This writer's predictions for this season:
Week 1: Away vs. Indianapolis. Prediction: 24-17 loss.
Week 2: Home vs. Tennessee. Prediction: 35-14 win.
Week 3: Away vs. Green Bay. Prediction: 35-24 loss.
Week 4: Away vs. Chicago. Prediction: 35-10 win.
Week 5: Home vs. Philadelphia. Prediction: 35-21 win.
Week 6: Home vs. Los Angeles. Prediction: 21-20 loss.
Week 7: Home vs. Washington. Prediction: 35-32 loss.
Week 8: Away vs. Houston. Prediction: 14-10 win.
Week 9: Away vs. Minnesota. Prediction: 27-17 win.
Week 10: Bye Week.
Week 11: Home vs. Jacksonville. Prediction: 17-3 win.
Week 12: Home vs. Minnesota. Prediction: 21-17 win.
Week 13: Away vs. New Orleans. Prediction: 35-32 loss.
Week 14: Home vs. Chicago. Prediction: 28-17 win.
Week 15: Away vs. New York Giants (weather affected). Prediction: 14-10 loss
Week 16: Away vs. Dallas (Monday Night). Prediction: 21-17 loss if Romo comes back. If he does not: 17-13 win.
Week 17: Home vs. Green Bay (Playoff relevance). Prediction: 42-3 loss.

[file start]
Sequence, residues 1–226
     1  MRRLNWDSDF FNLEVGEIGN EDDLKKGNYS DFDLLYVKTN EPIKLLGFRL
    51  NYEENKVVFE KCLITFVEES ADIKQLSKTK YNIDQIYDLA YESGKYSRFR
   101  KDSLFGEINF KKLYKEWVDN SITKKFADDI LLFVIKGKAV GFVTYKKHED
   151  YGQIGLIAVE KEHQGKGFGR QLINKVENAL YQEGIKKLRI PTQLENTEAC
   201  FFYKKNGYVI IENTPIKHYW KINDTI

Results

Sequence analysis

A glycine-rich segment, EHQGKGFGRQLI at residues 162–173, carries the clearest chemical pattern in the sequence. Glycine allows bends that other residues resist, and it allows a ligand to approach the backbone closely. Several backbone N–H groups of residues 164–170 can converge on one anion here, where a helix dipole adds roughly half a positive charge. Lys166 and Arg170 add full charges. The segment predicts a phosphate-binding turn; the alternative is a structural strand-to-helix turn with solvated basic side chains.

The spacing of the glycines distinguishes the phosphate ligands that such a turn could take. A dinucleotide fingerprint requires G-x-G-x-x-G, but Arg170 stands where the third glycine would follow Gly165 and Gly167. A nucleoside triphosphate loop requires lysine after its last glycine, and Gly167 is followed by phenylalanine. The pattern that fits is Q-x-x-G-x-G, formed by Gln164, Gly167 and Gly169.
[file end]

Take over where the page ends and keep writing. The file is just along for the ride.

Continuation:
Record prediction: 9-7. The Lions will return back to a winning record, but will still not be able to make the playoffs quite yet. Passing them will be the division winners (Packers, Carolina Panthers, Cardinals, and Redskins) and the two wildcard teams (Seahawks and Saints). The Lions loss on the last day of the season vs. the Packers will kill their hopes of making the playoffs, but will be just enough to save Jim Caldwell's job another season. Key losses against the Saints (the team who will pass them for the final wildcard spot) and back to back losses vs. the Rams and Redskins at home in the middle of the season could come back to bite the Lions. Another game the Lions could win, the Giants, may be weather affected, and due to the team's lack of weather affected games this season, the Lions could find their playoff chances slipping out of their hands late in the season.